Matt Lauer’s “power differential” between himself and colleagues altered consent so much that he was the only one who could benefit from a relationship, a human resources expert claims.
The Purposeful Culture Group’s Chris Edmonds spoke exclusively to PEOPLE to discuss Lauer and the accusations he faces, including his claims that he believed some of the interactions he had with women to be consensual.
“The power differential between him and literally every other Today show employee is huge. Any relationship he has with an NBC employee will be heavily influenced — a better term might be ‘tainted’ — by that differential,” Edmonds said. “The only person who benefits from a workplace affair like this is the person in power.”
Edmonds went on to explain that “workplace affairs are always a liability, especially so when they occur between a person of power and a subordinate,” adding that victims oftentimes refrain from reporting sexual misconduct due to “fear of job loss, career impact, and more. The victim — the woman in nearly all cases — suffers 99 percent of the consequences.”
On Thursday, former Today production assistant Addie Collins, who now goes by her married last name Zinone, came forward to detail her alleged month-long affair with Lauer in 2000, when she was just 24-years-old. She claimed that she struck a relationship with Lauer, who had just recently married, just prior to leaving Today for an anchor position with a local news station. Their relationship was kept a secret, secluded to a studio room.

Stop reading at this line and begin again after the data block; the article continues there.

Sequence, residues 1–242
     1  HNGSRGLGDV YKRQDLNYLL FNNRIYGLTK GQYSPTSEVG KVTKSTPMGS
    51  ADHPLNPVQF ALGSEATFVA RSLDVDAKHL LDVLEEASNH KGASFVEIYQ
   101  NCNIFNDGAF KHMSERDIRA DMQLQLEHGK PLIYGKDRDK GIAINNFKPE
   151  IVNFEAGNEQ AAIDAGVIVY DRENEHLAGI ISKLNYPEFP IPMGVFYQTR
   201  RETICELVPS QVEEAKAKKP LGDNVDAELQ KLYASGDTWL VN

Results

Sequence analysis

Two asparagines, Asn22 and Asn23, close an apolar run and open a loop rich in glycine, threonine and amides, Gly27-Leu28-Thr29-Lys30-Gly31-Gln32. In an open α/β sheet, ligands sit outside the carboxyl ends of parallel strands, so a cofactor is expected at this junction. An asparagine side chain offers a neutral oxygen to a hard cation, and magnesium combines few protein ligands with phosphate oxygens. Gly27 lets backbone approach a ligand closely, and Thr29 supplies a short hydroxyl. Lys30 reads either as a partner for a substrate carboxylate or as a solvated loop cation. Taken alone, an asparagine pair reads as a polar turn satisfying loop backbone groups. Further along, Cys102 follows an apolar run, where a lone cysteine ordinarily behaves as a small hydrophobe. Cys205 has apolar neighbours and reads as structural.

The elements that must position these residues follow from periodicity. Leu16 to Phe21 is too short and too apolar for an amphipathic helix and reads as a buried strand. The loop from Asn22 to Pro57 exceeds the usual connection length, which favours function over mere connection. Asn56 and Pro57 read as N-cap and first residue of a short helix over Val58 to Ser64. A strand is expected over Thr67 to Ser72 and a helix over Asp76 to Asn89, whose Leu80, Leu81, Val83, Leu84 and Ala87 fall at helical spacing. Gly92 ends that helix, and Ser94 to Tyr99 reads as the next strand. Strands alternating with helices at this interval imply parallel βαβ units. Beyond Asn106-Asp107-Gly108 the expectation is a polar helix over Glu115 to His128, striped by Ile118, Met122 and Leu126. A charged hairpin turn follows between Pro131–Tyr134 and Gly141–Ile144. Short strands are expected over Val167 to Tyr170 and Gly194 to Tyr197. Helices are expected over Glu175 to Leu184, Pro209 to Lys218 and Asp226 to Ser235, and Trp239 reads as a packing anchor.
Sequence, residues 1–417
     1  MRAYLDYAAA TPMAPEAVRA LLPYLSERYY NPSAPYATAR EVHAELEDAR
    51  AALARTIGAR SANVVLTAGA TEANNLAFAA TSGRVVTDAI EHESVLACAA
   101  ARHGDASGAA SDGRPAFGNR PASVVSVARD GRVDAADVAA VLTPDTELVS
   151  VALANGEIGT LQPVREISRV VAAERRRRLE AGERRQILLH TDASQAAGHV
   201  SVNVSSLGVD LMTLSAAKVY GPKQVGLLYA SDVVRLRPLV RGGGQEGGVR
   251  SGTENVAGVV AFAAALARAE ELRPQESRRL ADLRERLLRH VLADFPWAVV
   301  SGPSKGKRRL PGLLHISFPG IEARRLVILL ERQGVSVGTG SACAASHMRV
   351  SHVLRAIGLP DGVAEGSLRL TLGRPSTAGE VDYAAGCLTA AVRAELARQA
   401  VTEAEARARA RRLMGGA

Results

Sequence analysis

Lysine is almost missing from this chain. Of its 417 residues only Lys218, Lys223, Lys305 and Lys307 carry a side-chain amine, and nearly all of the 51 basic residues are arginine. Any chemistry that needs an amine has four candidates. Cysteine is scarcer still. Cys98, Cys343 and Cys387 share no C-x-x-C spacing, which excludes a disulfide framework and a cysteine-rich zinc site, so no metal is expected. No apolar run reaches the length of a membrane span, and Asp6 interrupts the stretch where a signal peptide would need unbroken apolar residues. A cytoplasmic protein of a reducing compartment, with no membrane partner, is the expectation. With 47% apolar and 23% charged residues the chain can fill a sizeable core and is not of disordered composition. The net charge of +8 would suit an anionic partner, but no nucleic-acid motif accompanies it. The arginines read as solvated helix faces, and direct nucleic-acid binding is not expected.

“Even though my situation with Matt was consensual, I ultimately felt like a victim because of the power dynamic. He knew that I was leaving, and that there was no better prey than somebody who is going to be gone. He went after the most vulnerable and the least powerful — and those were the production assistants and the interns,” Zinone told Variety. “He felt like he was untouchable. He lacked so much morality and reality, because he had people enabling him. I see the common threads and how he preyed on women, and I was one of them.”